THE MOST STABLE CLIMATE ON EARTH IS NEAR THE SOUTH POLE IN ANTARCTICA
By Climatologist Cliff Harris
I’ve decided to feature Antarctica’s current climate picture this week and Greenland’s ice pack update in my April 27 'Gems.' I’m still awaiting the latest data from Dr. Joseph D’Aleo, an AMS Fellow, well-informed on the subject.
Contrary to what the global warmists claim, our planet has been cooling off, not warming up, in the past couple of years due to a 'SILENT SUN,' almost completely devoid of sunspot activity. We’ve likewise been affected by a recent cooler water ‘La Nina’ in the Pacific Ocean regions.
As far as Antarctica’s climate is concerned, things have changed very little since the Vostok weather station was opened on December 16, 1957, more than a half century ago.
This station is located at 78 degrees, 27 minutes south and 106 degrees, 52 minutes east, or approximately 780 miles from the South Pole. The station was first run by the Russians, but is now being operated on a joint basis by France, the U.S. and Russia.
The mean temperature during the station’s first full year of operations was a bone-chilling -55.4 degrees Celsius (-65 degrees Fahrenheit).
Ten years later in 1968, the annual mean was -55.7 degrees Celsius, a tad colder. By 1988, the Vostok station had warmed a bit to -55.1 degrees Celsius, but the world’s all-time record low reading of -129 degrees Fahrenheit was observed during the middle of the period on July 21, 1983.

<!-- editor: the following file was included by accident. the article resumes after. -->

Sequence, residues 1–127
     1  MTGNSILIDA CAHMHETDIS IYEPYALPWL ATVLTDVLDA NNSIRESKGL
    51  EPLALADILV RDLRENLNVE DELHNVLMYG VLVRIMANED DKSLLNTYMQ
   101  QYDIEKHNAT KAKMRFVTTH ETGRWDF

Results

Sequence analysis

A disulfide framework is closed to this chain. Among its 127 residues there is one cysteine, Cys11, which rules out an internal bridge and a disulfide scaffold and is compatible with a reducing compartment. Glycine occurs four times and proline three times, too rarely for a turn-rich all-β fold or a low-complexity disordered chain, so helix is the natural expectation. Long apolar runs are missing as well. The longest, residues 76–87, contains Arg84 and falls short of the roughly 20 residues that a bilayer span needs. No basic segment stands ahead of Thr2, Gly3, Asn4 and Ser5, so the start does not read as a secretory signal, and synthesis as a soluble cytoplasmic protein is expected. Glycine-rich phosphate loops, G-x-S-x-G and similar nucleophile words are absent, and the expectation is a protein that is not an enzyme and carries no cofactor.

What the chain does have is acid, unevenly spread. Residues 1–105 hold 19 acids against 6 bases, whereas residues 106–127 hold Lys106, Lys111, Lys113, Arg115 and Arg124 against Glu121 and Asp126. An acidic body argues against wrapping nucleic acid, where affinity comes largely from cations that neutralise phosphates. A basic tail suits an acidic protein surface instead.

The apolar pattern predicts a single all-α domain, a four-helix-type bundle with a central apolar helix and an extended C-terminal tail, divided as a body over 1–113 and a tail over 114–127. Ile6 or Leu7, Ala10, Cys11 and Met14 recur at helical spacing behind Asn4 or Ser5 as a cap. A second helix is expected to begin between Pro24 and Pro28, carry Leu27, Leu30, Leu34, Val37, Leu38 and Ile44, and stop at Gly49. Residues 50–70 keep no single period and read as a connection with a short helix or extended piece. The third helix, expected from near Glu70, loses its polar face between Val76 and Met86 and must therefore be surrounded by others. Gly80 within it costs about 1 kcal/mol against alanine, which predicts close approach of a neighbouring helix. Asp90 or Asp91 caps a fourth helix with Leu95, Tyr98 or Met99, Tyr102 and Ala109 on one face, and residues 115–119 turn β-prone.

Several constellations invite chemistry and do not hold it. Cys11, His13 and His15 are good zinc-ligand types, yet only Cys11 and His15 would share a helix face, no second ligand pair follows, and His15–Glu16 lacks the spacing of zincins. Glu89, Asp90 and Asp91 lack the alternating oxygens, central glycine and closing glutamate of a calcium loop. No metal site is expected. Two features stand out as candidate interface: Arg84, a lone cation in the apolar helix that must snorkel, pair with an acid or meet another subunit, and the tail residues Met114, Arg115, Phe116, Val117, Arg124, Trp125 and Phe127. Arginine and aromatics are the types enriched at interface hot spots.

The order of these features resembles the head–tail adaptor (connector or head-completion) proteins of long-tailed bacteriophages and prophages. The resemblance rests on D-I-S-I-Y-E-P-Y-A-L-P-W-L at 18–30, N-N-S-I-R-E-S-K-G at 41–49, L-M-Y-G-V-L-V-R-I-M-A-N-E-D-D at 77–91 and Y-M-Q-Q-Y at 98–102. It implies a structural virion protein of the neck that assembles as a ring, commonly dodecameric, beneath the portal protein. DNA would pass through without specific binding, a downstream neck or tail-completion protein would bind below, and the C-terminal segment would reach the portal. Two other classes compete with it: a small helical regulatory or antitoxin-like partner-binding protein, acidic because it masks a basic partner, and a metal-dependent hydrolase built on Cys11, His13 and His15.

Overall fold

By 1998, just a year or so after the peak of the last major warm ocean water ‘El Nino,’ Vostok had an annual mean temperature of -56.8 degrees Celsius, slightly colder than ten years earlier.
Last year, in 2008, the station had a mean reading of -55.6 degrees Celsius, a bit less cold than ten years earlier in 1998. But, the -55.6 reading of 2008 was actually 0.2 degrees Celsius colder than 50 years before in 1958. By the way, Vostok plunged to -122 degrees Fahrenheit recently on August 8, 2005.
What does all this prove? Well, I’m certainly not going to build a summer home on the continent. Antarctica is still a very ‘hostile’ place to say the least.
Several of our subscribers have asked me recently why the Ross Ice Shelf in southwestern Antarctica broke off despite a rather stable climate overall on the continent.
The answer is that GRAVITY up stream pushed the 60-mile-wide, 200-mile-long Whillans Glacier into the Ross Ice Shelf which, in turn, was shoved into the Ross Sea.
When the tide falls, the ice often suddenly lunges forward and breaks off. This violent motion is occasionally equal to a magnitude seven earthquake. Its seismic waves are detected 3,000 miles away in Australia.